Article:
Challenges and opportunities exist in the plant protection market and this post is designed to examine how existing active substances (ASs) are managed through the current regulatory renewal systems in the EU. Find out here.
The legislation concerning the placing of Plant Protection Products (PPPs) on the European single market is enshrined in Regulation (EC) No. 1107/2009, with the specific data requirements for ASs and PPPs contained in Regulations (EU) No. 283/2013 and No. 284/2013. The authorization of ASs generally expires after ten years. To enable continued marketing and sales of PPPs, a renewal of authorization of the ASs must be sought. This renewal procedure is covered by Commission implementing Regulation (EU) No. 844/2012 and is a European-level process.
Article 43 of Regulation (EC) No. 1107/2009 also provides the framework for the renewal of PPPs following the re-approval of an AS. This process is further elaborated on in a European Commission guidance document. The renewal of PPPs is the responsibility of the individual European Member States.
Learn more about "Preserving lifecycles: renewing existing plant protection active substances" by downloading our informative e-book.
The programs for renewal of ASs in the EU are known as the AIR (Annex I Renewal) programs. ASs are assigned to a program, group and/or batch, based on their expiration dates and level of priority, in order to manage and spread the workload of the renewal process. The AIR programs also assign each AS a ‘Rapporteur Member State’ (RMS) to undertake the task of evaluating the renewal application.
There are four AIR programs, as outlined in the table below.
Details of the latest updates for renewal programs, AIR3 and AIR4, can be found on the EC website.
Timelines and extensions
For the current AIR4 substances, applicants must apply for renewal three years before the expiry date of an approved AS. Article 17 of Regulation 1107/2009 allows for extensions to the expiry dates of ASs, where it would not be possible to take a decision before the current expiry date, for reasons beyond the control of the applicant.
The main reasons these extensions are required are:
- delays in assessment
- delays in decision-making – this is true for highly complex cases
- facilitation of the review through the Member States by balancing capacity – this is the case for AIR4.
The AIR renewal process
1. Application (36 months before expiry)
Registrants submit an application containing limited information to indicate their intent of submitting a dossier to pursue active substance renewal.
2. Application review
RMS conducts admissibility check. Registrant must respond within 14 days to calls for missing information.
3. Submission (30 months before expiry)
Registrants create and submit a renewal dossier. For most ASs, the dossier must be submitted 6 months post application. For AIR4, some groups’ expiry dates have been extended by 1 to 3 years to allow more time for dossier submission.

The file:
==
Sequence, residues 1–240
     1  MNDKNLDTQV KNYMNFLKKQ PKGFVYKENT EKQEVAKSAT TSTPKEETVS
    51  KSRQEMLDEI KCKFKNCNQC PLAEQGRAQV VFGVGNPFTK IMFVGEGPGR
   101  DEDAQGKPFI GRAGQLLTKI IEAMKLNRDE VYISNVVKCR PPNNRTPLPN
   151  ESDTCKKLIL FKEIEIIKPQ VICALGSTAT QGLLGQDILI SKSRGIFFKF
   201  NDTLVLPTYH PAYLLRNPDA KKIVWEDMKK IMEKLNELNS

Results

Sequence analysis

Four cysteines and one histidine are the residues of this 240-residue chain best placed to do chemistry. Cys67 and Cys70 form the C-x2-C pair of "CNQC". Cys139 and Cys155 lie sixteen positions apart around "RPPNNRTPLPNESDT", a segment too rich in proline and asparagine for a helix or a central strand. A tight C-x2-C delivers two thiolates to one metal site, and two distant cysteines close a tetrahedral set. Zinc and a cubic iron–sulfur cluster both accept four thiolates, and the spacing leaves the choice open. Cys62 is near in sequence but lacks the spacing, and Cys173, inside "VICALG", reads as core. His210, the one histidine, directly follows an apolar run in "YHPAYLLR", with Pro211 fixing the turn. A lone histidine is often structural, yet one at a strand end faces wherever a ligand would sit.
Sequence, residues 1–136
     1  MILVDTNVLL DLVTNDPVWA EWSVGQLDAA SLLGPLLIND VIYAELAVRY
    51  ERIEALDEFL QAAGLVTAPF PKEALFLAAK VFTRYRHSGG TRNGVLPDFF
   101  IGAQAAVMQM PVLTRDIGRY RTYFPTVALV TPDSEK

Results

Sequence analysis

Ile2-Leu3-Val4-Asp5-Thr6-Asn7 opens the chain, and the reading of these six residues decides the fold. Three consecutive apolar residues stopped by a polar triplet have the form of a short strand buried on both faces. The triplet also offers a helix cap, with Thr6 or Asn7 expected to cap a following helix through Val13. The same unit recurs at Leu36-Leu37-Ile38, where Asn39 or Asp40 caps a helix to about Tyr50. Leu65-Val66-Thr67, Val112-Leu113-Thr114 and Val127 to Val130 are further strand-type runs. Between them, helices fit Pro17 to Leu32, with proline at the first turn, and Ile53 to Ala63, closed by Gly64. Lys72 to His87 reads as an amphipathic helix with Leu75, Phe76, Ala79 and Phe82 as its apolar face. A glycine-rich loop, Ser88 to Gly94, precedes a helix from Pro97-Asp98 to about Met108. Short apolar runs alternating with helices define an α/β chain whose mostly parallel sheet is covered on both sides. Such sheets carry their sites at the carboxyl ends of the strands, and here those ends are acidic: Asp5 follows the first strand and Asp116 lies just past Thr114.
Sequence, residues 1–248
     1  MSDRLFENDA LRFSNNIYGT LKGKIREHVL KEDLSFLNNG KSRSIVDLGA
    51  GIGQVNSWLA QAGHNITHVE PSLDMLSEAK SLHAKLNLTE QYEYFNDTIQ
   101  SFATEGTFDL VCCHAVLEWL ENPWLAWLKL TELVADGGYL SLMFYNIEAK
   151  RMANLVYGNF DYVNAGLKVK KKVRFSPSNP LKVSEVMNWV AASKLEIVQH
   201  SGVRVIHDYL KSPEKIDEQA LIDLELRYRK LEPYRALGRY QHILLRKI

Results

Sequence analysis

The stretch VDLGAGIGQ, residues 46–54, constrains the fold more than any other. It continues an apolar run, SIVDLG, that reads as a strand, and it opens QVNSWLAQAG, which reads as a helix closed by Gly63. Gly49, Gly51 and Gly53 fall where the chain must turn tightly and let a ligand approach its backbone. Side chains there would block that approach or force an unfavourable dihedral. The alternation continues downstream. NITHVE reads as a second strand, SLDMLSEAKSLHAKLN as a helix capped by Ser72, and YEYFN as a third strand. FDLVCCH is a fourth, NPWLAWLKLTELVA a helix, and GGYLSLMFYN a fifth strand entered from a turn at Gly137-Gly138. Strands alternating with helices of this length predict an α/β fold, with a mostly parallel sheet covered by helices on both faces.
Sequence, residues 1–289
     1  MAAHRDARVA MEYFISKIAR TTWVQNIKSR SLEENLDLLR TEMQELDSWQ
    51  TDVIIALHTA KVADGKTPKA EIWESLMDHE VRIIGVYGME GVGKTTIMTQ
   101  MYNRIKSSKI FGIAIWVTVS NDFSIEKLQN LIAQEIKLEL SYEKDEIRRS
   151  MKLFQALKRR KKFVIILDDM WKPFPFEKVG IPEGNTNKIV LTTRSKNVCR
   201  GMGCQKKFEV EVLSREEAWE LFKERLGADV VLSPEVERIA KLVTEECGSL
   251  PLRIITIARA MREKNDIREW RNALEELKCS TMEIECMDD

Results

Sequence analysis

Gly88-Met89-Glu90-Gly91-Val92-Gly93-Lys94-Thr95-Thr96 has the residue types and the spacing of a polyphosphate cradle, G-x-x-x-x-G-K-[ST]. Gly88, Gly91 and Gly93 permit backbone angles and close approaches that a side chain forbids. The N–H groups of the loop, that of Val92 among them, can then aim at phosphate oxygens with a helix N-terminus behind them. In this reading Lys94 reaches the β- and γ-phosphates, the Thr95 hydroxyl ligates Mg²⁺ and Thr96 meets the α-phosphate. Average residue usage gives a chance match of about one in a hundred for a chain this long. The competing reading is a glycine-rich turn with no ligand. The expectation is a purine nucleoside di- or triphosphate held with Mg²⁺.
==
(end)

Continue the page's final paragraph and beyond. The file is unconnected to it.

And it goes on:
4. RAR evaluation (RAR issued 12 months post submission)
RMS conducts an initial review check; registrants must respond to any data requests within 14 days. A draft Renewal Assessment Report (RAR) is issued 12 months after dossier submission. Requests for additional information may be made.
5. Peer-review (review 8.5-11 months)
The RAR is passed to the European Food Safety Authority for publication and consultation.
6. Renewal decision (~9 months duration)
The final decision is made by a vote of the Standing Committee on the Food Chain and Animal Health. Renewal is officially adopted by the Commission and the results are published.
Other important elements of EU AS review
Literature review: Envigo has access to a number of free and subscription databases, allowing for a comprehensive literature search that meets the criteria in the EFSA Guidance. A tiered approach is taken in order to identify those papers that are both relevant and reliable and so merit inclusion and consideration of the results in the renewal dossier.
Harmonized classification and labeling (CLH) of ASs is the responsibility of the European Chemicals Agency (ECHA). Envigo is able to prepare dossiers (including IUCLID technical dossiers) for CLH under Regulation (EC) No. 1272/2008 (CLP Regulation), prepare expert statements on technical and scientific issues regarding toxicity of ASs and support customers at ECHA risk assessment committee meetings.
Maximum residue levels (MRLs): It is important to have appropriate MRLs (and/or import tolerances [ITs]) in place for all uses, not just the representative uses included in the renewal dossier. MRL application and setting is covered by Regulation (EC) No. 396/2005.
Read the fourth and final blog in this series "3 steps to achieve successful active substance renewal".
Learn more about “Preserving lifecycles: renewing existing plant protection active substances” by downloading our informative e-book.
About the author
Gary started his career at Envigo in 1985 and is currently the Business Lead Consultant for Crop Protection. As business lead, Gary provides regulatory advice to Envigo’s customers to ensure their programs of work and applications for active substance approval or product registration meet the highest possible scientific and regulatory standards set by global authorities.
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